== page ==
Hydrogen Fuel Current Affairs

CSIR scientists develop artificial leaf create hydrogen fuel from sunlight, water

CSIR scientists have developed an ultra-thin wireless device that mimics plant leaves to produce energy using water and sunlight. The artificial leaf absorbs sunlight to generate hydrogen fuel from water.

In advance, this artificial leaf may provide clean energy for powering eco-friendly cars in the future. It can serve ultimate solution for our energy and environment problems.

Need for such technology

At present, hydrogen is produced from fossil fuels by steam reforming. In this process large amount of carbon di-oxide (CO2) – a greenhouse gas is emitted which promotes global warming. So in view of pressing energy and environmental issues, it is important to produce hydrogen from natural resources such as sunlight and water. India is also blessed with plenty of sunlight throughout year that is not exploited significantly to produce energy or hydrogen.

Key Facts

The artificial leaf or the wireless device consists of semiconductors stacked in manner to simulate natural leaf system. The device has an area of 23 square centimetres. When visible light strikes semiconductors, electrons move in one direction and produce electric current.

The current almost instantaneously splits water into hydrogen – making it one of cleanest forms of fuel as its main byproduct is water. It can produce 6 litres of hydrogen fuel per hour.

To improve light-absorbing efficiency of artificial leaf, researchers had used gold nanoparticles, titanium dioxide and quantum dots. Quantum dots are semiconductor crystals of nanometre dimensions with properties that depend on the size of dots.

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Scientists switch on the world’s largest artificial sun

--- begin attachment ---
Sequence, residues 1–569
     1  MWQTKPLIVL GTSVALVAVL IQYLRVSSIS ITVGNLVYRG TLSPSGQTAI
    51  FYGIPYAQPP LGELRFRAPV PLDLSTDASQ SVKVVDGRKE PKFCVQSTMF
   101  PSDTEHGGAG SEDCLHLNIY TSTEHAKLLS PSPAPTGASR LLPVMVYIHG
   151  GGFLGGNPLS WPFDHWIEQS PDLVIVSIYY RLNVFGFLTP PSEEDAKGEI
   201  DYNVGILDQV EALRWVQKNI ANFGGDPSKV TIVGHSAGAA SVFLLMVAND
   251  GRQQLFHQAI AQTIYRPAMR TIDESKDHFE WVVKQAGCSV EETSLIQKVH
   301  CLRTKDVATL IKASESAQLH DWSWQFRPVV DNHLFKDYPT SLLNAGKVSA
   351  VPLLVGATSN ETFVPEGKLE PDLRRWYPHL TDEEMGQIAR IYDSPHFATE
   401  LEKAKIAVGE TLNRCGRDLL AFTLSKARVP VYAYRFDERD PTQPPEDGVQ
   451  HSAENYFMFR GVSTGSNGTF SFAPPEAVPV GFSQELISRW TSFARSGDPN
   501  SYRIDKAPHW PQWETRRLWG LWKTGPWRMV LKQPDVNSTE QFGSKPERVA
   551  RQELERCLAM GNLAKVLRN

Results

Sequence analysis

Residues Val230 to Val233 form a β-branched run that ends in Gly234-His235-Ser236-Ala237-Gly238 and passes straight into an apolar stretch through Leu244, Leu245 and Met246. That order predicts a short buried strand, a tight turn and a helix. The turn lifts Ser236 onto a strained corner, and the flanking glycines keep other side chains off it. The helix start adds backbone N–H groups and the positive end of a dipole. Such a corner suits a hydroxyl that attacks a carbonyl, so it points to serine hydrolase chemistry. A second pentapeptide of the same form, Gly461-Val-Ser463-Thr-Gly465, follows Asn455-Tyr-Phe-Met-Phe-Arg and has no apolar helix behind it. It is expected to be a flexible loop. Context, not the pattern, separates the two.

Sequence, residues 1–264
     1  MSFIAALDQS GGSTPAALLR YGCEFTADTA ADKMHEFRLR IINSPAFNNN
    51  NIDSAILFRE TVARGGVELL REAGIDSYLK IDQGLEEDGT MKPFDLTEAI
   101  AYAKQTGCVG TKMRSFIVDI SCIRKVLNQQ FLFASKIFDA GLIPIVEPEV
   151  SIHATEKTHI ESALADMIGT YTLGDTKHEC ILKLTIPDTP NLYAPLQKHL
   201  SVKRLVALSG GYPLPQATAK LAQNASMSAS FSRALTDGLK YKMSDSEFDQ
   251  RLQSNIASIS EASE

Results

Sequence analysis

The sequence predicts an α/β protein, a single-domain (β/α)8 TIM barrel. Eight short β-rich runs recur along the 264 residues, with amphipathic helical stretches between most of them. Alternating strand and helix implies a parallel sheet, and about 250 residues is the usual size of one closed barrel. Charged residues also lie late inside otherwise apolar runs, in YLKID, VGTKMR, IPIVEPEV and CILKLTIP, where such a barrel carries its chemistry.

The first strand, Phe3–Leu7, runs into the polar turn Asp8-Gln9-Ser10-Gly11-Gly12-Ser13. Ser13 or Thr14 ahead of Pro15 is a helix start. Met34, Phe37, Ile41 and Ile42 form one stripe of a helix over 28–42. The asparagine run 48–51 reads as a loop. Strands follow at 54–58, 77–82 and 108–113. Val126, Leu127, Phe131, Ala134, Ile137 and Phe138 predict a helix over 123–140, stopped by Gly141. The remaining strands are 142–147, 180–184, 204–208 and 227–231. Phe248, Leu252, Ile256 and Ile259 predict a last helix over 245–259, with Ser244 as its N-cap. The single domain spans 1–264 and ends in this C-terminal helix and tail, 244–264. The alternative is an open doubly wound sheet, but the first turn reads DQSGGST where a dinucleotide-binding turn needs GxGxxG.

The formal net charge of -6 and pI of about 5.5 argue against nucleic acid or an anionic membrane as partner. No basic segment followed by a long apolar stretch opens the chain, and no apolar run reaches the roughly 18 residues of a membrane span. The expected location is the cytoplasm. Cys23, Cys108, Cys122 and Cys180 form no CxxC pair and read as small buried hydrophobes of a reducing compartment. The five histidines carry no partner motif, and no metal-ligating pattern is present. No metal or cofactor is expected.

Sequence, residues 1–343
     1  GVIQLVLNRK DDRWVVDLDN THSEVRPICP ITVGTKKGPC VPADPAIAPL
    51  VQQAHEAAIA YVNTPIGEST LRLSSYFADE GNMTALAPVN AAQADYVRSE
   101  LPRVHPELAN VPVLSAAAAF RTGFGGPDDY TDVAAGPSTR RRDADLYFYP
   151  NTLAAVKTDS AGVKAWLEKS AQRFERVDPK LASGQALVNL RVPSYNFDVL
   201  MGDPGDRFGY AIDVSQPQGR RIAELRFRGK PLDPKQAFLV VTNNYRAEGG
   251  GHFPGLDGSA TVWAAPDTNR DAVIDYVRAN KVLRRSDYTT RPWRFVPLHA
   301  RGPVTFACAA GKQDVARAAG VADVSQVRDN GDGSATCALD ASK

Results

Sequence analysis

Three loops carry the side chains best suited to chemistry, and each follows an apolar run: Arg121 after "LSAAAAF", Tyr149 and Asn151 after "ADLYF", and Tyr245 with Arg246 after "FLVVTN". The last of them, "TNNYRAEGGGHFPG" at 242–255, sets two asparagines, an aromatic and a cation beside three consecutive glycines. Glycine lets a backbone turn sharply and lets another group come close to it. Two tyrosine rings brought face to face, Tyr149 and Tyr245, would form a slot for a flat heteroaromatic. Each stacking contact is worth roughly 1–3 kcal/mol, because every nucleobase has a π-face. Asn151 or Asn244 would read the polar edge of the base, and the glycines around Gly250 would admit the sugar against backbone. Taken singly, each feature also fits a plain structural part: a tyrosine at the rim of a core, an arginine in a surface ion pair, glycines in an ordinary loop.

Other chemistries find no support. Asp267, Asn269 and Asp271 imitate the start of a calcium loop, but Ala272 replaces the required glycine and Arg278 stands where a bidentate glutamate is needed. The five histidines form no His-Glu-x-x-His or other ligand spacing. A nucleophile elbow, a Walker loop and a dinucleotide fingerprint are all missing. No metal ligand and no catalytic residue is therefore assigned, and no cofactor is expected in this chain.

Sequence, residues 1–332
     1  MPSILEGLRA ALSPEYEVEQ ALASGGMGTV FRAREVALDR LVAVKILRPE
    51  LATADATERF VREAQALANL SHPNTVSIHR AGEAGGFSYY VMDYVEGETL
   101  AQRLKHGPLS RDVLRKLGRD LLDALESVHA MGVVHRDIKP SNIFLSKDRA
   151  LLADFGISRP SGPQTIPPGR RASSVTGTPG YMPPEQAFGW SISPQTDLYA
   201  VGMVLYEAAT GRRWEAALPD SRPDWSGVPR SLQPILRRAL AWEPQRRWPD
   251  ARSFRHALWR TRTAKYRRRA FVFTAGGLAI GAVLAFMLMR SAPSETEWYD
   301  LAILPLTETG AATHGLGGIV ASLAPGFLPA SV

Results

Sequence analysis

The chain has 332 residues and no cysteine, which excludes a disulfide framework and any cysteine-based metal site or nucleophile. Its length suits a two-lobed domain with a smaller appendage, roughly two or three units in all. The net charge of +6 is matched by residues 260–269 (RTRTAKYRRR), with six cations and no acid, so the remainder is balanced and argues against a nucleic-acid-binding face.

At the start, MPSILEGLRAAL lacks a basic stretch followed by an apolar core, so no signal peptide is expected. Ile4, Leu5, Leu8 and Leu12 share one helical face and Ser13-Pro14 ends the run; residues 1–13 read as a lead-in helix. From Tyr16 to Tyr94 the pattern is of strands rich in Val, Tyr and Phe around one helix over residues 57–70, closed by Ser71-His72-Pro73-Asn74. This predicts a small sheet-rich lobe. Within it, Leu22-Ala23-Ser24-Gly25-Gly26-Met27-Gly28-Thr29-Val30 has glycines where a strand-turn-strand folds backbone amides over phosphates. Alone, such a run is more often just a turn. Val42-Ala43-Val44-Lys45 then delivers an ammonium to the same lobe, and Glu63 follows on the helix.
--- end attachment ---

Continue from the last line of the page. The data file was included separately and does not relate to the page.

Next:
Scientists from the German Aerospace Centre (DLR) have switched on world’s largest artificial sun – a device developed to help shed light on new ways of making climate-friendly fuels.

The artificial sun is giant honeycomb-like set-up of 149 spotlights, officially known as Synlight. It is located in Juelich. It uses xenon short-arc lamps normally found in cinemas to simulate natural sunlight.

Key Facts
  • The aim of Synlight experiment is to develop an optimal setup for concentrating natural sunlight to power a reaction to produce hydrogen fuel.
  • Its goal is to eventually use actual sunlight rather than the artificial light produced using electricity which is costly and requires as much electricity in four hours as a four-person household would use in a year.
  • Using the array, scientists are seeking to produce the equivalent of 10,000 times the amount of solar radiation by focusing the entire array on a single 8×8 in spot (20*20cm).
  • When light from all the lamps is aligned to concentrate on a single spot, it can generate temperatures of around 3,500 degree Celsius i.e. temperature two to three times of a blast furnace.
Significance of this experiment

Hydrogen is the most common element in the universe, but on earth it is relatively rare. One way to manufacture hydrogen is to split water (H2O) into its two elemental components – Hydrogen and oxygen, using electricity in electrolysis process. Synlight experiment will bypass usage of electricity by tapping into the enormous amount of solar energy that reaches Earth from sun. Hydrogen obtained from it will be used to be used in fuel cells, a clean source of energy that does not produce carbon emissions.

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